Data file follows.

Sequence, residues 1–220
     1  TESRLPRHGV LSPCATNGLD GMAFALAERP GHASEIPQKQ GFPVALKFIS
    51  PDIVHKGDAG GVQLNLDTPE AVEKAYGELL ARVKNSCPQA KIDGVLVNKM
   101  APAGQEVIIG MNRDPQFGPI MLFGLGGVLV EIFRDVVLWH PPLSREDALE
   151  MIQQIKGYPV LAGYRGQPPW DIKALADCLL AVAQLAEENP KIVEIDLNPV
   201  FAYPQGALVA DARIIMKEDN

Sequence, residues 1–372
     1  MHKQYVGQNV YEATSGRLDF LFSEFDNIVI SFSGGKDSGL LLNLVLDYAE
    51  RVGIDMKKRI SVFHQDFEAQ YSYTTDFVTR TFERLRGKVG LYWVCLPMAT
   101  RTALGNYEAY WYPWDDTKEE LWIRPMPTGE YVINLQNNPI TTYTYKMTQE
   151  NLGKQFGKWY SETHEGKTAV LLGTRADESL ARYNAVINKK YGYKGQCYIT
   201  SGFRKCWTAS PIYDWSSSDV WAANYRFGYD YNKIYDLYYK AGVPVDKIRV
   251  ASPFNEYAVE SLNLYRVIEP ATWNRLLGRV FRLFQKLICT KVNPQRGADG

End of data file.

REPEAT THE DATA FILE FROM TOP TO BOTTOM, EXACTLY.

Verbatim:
Sequence, residues 1–220
     1  TESRLPRHGV LSPCATNGLD GMAFALAERP GHASEIPQKQ GFPVALKFIS
    51  PDIVHKGDAG GVQLNLDTPE AVEKAYGELL ARVKNSCPQA KIDGVLVNKM
   101  APAGQEVIIG MNRDPQFGPI MLFGLGGVLV EIFRDVVLWH PPLSREDALE
   151  MIQQIKGYPV LAGYRGQPPW DIKALADCLL AVAQLAEENP KIVEIDLNPV
   201  FAYPQGALVA DARIIMKEDN

Sequence, residues 1–372
     1  MHKQYVGQNV YEATSGRLDF LFSEFDNIVI SFSGGKDSGL LLNLVLDYAE
    51  RVGIDMKKRI SVFHQDFEAQ YSYTTDFVTR TFERLRGKVG LYWVCLPMAT
   101  RTALGNYEAY WYPWDDTKEE LWIRPMPTGE YVINLQNNPI TTYTYKMTQE
   151  NLGKQFGKWY SETHEGKTAV LLGTRADESL ARYNAVINKK YGYKGQCYIT
   201  SGFRKCWTAS PIYDWSSSDV WAANYRFGYD YNKIYDLYYK AGVPVDKIRV
   251  ASPFNEYAVE SLNLYRVIEP ATWNRLLGRV FRLFQKLICT KVNPQRGADG